10:05am - There are technical issues with the party's Facebook stream, but Tamihere is continuing to discuss why Whaitiri is leaving Labour.

Whaitiri is now speaking. She acknowledges Te Au-Skipworth and her whanau. She is clearly emotional. Te Au-Skipworth had been selected for the seat, but is stepping aside for Whaitiri.

"The point here whanau is Māori political activisim is part of being Māori," she says.

She says the decision to cross the floor isn't an easy one, but it's the right one.

She's notified the Speaker she has resigned from Labour. Effective immediately, she intends to be seated with Te Pāti Māori.

10am - Meka Whaitiri is at the marae alongside Te Pāti Māori co-leaders Debbie Ngarewa-Packer and Rawiri Waititi.

The party's president John Tamihere says it is "Meka's day". He acknowledges current candidate Heather Te Au-Skipworth for stepping aside for Whaitiri. He says Whaitiri wanted the announcement made on the marae.

"It's a magnificent day for Māori."

He says former leader Tairana Turia once walked away from Labour. He says Whaitiri is returning to her whakapapa.

"This takes courage... she is walking away from a ministerial job... she is walking into an unknown but she is doing it for the mana of our people."

9:50am - We are now waiting on the Te Pāti Māori livestream to be published.

9:30am - We are anticipating an announcement from Te Pāti Māori at 10am. We will livestream that above and bring you updates as they come.

From earlier: Labour ministers and MPs appear caught off guard over Whaitiri's suspected resignation from the party.

Prime Minister Chris Hipkins, Whaitiri's boss, said on Wednesday morning he hadn't spoken with her. He's just arrived in London ahead of King Charles' coronation.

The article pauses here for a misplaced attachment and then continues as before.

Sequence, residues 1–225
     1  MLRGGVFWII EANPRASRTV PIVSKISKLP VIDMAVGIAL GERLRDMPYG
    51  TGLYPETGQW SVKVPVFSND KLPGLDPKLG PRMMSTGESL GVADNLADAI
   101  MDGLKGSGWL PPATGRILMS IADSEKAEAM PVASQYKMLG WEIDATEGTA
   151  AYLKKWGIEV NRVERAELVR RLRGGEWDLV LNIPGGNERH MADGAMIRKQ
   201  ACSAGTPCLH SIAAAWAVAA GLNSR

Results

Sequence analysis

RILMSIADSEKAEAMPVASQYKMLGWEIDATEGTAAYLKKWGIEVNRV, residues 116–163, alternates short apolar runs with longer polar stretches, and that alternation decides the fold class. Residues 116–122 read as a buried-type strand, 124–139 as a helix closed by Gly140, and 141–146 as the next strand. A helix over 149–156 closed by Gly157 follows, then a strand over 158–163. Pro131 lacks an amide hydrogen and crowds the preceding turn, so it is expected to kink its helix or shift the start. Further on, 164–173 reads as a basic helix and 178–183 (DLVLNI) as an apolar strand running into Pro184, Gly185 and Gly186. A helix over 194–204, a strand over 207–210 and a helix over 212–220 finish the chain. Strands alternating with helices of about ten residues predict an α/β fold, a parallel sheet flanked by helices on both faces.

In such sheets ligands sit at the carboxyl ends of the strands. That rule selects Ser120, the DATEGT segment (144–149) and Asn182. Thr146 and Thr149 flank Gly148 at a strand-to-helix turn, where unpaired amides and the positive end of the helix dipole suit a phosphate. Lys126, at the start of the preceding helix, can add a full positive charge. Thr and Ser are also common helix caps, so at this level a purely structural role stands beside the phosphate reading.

"I haven't had a conversation with Meka Whaitiri yet and I obviously want to do her the courtesy of hearing what she has to say if anything before I make a comment on it," he said.

Newshub has been speaking to ministers and MPs at Parliament on Wednesday morning. 

Labour's David Parker said he hasn't spoken to Whaitiri and had nothing to add.

But he believed this wasn't a sign of Hipkins losing control of his party.

Stuart Nash, who was recently sacked from Cabinet, said: "Power to her".

"Meka is a great friend of mine, a fellow Hawke's Bay MP. She always will be a great friend no matter what political party."

Outgoing MP Aupito William Sio said he isn't sure what her decision is or what has motivated it.

"Whatever she does is her decision and I wouldn't characterise it any other way than a decision she has made for herself."

He said he was in contact with Whaitiri on Monday, but "had no idea this is what the news items said she might decide".

"I don't know what she's decided, what's driving that."

He hasn't tried to contact her overnight, but others have tried.

He doesn't believe the wheels are falling off the bus.

Damien O'Connor said he is just getting on with his job and had no further comment.

Minister Deborah Russell, who also sits outside Cabinet, said acting Prime Minister Carmel Sepuloni will hold a media conference later in the day.

David Clark said he hadn't heard from Whaitiri.

"I have seen the news reports, but I haven't got anything to add sorry."

Labour MP Shanan Halbert said he hasn't heard from her. 

"I have seen the reports. We will see what happens today, and we will make some decisions from there."

He expects Labour to make comments later in the day on the issue.

National's Michael Woodhouse said it was a jaw-dropping situation and said there must be truth to the speculation as otherwise Whaitiri would have come out and hosed it down by now.

Simon O'Connor believed it was a sign Labour is losing control of its ministers.

"This is not just backbench MP leaving, this is a senior minister. It is quite remarkable. Let's see how Labour handles this one."

Speaking to AM, National leader Christopher Luxon said Labour is falling apart.

"We've gone from Gaurav Sharma to Kiri Allan and Meng Foon to Stuart Nash and now Meka Whaitiri," Luxon said. 

"The people that I feel really sorry for are actually the people in the Hawke's Bay because they need a Cyclone Recovery Minister, they've gone through two of them in a very short period of time and things aren't getting done." 

On Tuesday night, Mark Mitchell said it's evidence "they're not happy campers" inside Labour.

"The pressure is coming on. I think the polls are starting to move away from them a bit now and this is what happens as the cracks start to appear. And this is big crack without a doubt."

Judith Collins told Newshub it was "people actually escaping that sinking ship".

"Clearly Meka has seen the writing on the wall and there must be something really awful going on in that caucus," Collins said.